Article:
Chicago PMI Chart

In stark contrast to the Chicago PMI the New York NAPM showed exactly the opposite in conditions. The NAPM fell to 409.5 and the lowest reading since July 2006. The six-month outlook rallied +20 points to 64.1, current conditions +7 points to 45.3 and purchase quantity +8 points to 46.3 but the overall index still declined. The decline is credited with the continuing credit crisis and the impact on the financial sector in New York. Companies are cutting back on expenses, cutting employees and slashing expectations for bonuses. New York is probably the most tied to the financial sector than any other city in the world. With the markets in bear territory and banks in trouble that pretty well spells trouble for the New York economy. Analysts expect a drop in employment of 60,000 financial jobs in the New York area over the next year. I was encouraged by the +20 point spike in expectations.


Next week has a heavy schedule of economic reports with several of major interest. Heading the list on Tuesday is the ISM Index for August. This is similar to the Chicago PMI only on a national basis. The ISM has risen off its February lows in contraction territory of 48.3 but is struggling to move back into positive territory over 50. If the ISM follows the PMI report higher it would be a strong positive for the markets. Expectations are for a flat report with the potential for a minor decline.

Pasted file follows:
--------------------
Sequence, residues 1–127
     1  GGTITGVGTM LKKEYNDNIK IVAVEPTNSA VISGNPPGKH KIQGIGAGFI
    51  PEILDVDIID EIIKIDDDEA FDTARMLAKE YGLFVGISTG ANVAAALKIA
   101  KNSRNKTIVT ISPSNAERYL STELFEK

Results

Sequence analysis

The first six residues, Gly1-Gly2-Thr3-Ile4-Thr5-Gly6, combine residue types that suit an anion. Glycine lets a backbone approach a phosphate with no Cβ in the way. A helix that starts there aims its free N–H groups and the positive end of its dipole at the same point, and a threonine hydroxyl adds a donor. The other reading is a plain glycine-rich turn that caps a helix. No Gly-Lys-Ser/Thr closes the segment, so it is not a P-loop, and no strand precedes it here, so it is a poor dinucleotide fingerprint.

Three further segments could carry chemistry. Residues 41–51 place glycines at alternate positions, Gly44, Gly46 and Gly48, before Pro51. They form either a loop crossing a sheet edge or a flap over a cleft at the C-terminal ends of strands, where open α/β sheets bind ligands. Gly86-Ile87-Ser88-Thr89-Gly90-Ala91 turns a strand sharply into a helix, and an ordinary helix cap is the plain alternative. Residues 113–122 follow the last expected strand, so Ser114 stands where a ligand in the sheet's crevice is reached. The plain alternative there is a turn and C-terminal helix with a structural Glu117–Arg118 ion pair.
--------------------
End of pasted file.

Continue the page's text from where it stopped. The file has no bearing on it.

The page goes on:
On Wednesday the Factory Orders report is expected to show only a minor +0.1% gain for July. This is a lagging report and the market is probably not going to care what is says as long as there are no surprises. The Fed Beige Book is also due out on Wednesday and all eyes will be focused on it. The Beige Book spells out economic conditions in the various Fed regions and is of much more interest to Fed watchers. On Thursday the ISM Services report is also expected to be flat and remain in negative territory. I believe we have the potential for a positive surprise in both ISMs.


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The Non-Farm payroll report on Friday is the biggest report for the week. The economy is expected to have lost -75,000 jobs compared to the -51,000 reported last month. This would be the eighth month of consecutive job losses with the last three months averaging -50,000 each. You may recall the unemployment rate spiked to 5.7% in July after hitting a cycle low of 4.4% in late 2006 and early 2007. Analysts are expecting this rate to climb over 6% as the financial crisis continues. I would like to stress again that during a normal recession monthly job losses are normally in the 250,000-350,000 range. We are a long way from that level and it appears we are going to dodge the recession bullet.

We are closing in on the OPEC meeting date and the FOMC meeting and that will start impacting equities as we get closer.

Economic Calendar